I recently noticed on Facebook that a New York Times article in a column called “The Hunt” has gained some traction, mainly in a negative light. The article is titled, “How to Get to Manhanttan? Save, Save, Save,” and it tells the story of a very young woman who was able to afford a nice apartment on the Upper East Side. The problem with the story is that the math just doesn’t add up.


Annie, a financial services adviser and the subject of the piece, put down 35% on a $426,000 apartment. That’s $149,100. Plus, she spent $30,000 on renovations and remodeling. In total, she used $179,100 of her savings. From the article, it sounds like she worked for about two years and a quarter before making the bid on the apartment. That means she was putting away $6,633.33 a month, at bare minimum. Assuming she was putting away 100% of her take-home pay into savings, her average annual salary was a whopping $79,600. I personally worked in banking consulting until the beginning of this year, starting right out of college just like Annie, and I never made that much even before taxes.

But further questions remain. She certainly couldn’t have saved 100% of her salary. Even though she lived at home she must have used some of her income on transportation (particularly to get to work, even if it is deductible), food, entertainment, clothing, other personal items, and leisure and entertainment. Did she pay for any benefits through her employer, such as health insurance, life insurance, long-term disability insurance, eye care, or dental care? Most likely. What about her 401(k)? Certainly someone as financial savvy as Annie  would be putting away money for retirement at her young age and taking advantage of what we can assume was a match from her employer. And then of course there are taxes. Working in New York and living in New Jersey, Annie must have been hemorrhaging paychecks to the Man on those long nights stuck in the Lincoln tunnel. All in all, this article would lead you to believe that Annie was making six digits out of college.

The last question that needs to be raised really doesn’t need to be asked at all. By now, it should be apparent that Annie received considerable financial help, most likely from her parents, in the purchase of this apartment. So one could assume that she doesn’t have any student debt because her wealthy benefactors most likely supported her through Binghamton University as well. And herein lays my major complaint with this story. The article lauds the virtues of saving and what it can get you in the (relatively) long run. However, the subject of the article is a daughter of wealthy circumstance. I concede that she likely saved a large ton of money, especially for someone of her age. But the fact remains that for the 99% a free education is not possible, and even someone with the discipline of Mother Theresa could never afford that apartment after working for less than three years without someone pitching in with a fat check.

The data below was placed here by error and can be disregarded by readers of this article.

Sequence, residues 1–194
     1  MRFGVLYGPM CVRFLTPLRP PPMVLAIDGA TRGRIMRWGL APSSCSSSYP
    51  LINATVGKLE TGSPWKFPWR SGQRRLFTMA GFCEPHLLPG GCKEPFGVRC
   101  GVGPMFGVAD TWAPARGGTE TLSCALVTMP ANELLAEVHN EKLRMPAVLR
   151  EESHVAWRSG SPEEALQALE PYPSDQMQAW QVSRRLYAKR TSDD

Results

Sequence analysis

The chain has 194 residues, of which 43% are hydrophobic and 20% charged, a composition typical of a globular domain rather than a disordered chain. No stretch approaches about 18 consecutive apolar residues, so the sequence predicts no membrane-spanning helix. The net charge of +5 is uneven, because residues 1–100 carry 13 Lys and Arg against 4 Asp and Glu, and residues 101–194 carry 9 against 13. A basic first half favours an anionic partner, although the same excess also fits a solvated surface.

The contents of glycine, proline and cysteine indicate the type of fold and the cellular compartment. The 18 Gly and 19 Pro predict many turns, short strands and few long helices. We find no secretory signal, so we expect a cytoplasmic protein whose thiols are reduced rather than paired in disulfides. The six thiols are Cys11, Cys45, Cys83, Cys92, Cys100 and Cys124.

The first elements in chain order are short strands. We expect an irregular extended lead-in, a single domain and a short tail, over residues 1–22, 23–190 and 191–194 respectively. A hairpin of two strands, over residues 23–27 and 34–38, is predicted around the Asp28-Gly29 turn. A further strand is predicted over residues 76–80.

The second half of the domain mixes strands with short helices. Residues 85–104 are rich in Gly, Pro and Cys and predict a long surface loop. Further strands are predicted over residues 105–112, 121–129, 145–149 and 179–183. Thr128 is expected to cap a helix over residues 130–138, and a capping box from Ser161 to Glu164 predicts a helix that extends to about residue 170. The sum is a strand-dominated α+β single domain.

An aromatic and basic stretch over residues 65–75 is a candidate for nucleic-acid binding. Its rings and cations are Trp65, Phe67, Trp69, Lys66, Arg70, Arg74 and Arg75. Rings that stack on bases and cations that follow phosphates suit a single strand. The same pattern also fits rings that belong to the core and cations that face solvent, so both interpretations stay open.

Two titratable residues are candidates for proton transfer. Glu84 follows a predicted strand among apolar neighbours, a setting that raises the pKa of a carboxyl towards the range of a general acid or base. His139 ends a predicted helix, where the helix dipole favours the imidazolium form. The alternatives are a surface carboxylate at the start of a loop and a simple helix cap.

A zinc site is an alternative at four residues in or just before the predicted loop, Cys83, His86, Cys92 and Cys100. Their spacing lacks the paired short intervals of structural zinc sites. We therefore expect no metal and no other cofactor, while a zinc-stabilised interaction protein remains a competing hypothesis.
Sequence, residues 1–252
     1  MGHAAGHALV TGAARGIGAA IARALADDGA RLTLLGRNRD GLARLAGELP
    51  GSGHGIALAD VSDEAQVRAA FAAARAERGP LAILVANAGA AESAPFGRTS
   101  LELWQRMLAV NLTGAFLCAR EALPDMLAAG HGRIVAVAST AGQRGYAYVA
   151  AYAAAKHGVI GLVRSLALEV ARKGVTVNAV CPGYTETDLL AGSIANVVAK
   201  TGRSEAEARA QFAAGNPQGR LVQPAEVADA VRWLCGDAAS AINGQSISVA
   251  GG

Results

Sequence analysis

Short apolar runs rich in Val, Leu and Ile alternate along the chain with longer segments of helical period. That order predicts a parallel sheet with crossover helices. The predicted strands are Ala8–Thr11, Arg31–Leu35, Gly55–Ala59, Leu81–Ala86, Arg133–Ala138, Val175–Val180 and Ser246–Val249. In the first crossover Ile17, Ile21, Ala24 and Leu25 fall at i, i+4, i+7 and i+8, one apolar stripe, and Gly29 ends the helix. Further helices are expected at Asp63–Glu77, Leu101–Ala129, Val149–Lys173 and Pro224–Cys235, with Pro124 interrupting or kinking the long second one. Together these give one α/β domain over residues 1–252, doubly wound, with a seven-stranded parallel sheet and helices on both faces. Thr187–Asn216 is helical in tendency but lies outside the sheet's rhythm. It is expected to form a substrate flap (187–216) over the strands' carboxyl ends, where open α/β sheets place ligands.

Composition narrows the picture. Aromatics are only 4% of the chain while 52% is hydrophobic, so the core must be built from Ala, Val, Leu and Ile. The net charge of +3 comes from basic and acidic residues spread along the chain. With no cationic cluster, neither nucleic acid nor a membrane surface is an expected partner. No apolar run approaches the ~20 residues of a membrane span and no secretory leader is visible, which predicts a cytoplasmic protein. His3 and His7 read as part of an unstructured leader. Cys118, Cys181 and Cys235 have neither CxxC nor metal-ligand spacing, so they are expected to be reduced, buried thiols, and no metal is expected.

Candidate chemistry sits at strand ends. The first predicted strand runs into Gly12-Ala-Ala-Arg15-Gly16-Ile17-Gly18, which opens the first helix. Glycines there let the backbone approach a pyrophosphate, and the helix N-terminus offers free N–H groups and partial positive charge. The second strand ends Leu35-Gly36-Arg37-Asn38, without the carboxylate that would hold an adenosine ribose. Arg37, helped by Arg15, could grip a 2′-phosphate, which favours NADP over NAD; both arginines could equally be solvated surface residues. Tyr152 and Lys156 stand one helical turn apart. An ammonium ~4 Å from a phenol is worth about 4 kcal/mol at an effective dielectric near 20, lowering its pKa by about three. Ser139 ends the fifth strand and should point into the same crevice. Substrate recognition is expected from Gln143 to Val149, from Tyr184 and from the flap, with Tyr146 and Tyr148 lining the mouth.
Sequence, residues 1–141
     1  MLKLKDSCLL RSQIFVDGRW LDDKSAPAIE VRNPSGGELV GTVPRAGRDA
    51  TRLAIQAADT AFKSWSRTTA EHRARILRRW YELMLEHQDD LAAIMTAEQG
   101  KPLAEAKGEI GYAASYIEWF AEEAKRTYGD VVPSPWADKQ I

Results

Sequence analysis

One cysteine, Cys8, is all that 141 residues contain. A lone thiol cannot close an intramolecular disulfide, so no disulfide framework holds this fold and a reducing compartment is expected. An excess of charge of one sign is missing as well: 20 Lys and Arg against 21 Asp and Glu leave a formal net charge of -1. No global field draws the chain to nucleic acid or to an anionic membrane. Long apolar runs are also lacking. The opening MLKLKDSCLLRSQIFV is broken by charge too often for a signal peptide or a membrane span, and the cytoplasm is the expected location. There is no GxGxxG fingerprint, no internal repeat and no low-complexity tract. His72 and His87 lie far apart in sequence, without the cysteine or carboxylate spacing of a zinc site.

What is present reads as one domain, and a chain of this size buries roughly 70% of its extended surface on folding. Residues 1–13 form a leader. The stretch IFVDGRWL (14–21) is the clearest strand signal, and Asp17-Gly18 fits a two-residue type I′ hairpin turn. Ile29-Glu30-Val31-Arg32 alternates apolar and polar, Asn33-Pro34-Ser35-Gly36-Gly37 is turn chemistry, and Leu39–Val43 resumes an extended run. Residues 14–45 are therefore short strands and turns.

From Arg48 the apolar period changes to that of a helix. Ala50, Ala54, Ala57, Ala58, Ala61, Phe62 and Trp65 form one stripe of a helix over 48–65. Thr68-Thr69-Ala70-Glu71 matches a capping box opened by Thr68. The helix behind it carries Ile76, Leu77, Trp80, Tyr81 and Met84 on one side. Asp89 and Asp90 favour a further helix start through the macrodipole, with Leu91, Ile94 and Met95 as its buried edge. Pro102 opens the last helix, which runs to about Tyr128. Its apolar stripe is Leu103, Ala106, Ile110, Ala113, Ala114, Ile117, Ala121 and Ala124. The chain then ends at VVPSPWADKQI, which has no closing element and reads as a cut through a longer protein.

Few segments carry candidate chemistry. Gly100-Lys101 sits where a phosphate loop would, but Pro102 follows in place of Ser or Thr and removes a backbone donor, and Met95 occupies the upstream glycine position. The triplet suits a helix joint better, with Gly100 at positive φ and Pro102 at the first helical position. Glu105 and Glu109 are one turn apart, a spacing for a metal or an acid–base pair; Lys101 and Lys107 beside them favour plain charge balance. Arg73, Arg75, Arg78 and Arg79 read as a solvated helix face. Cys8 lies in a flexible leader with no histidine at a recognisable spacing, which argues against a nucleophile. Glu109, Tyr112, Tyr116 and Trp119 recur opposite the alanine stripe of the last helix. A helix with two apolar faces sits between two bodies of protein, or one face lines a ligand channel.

My true complaint is not with Annie though. She legally bought this apartment and she has every legal right to live in it and pursue satisfaction and happiness in her life however she pleases. The problem in this case is the NY Times. By failing to run the numbers and fact check this article they failed their readership. But through this failure they have reinforced the false ideal that hard work and discipline alone can help you achieve your materialistic goals. Rather, the NY Times should be espousing alternatives means by which young people and the middle-class can find safe, comfortable housing in New York City and other places around the world. What we need is innovation. Innovation in how we finance shelter. And innovation in how we actually shelter ourselves and how we conceive of adequate and satisfying shelter. This article reinforces materialistic societal norms and makes people believe that they are doing something wrong if they are not walking a taught tight rope towards their “American dream.” Didn’t we learn with the Triple-F Fiasco (Fannie-Freddie-Foreclosure!) that the American dream can easily turn into a nationwide nightmare? Renters can be happy people too. The NY Times doesn’t seem to realize this. With income inequality large and growing the NY Times and its readership need to realize that wealth and assets are not the only way to lead the good life. People can choose their own path.

I suppose since this blog is called “The Economics Of …” and I titled this post The Economics of Manhattan I should talk about economics a bit. I hope that my readers do not think that economics is about making everyone rich or maximizing wealth for everyone. I am an economist because I want to maximize opportunity for everyone – their opportunity to be happy, whether it is through wealth and asset accumulation, or whether it being through less materialistic means. My hope is that societies will put policies in place so that the opportunity is available to everyone, not that society will define what happiness is and have everyone marching towards that goal through the engines of the economy.

… Uber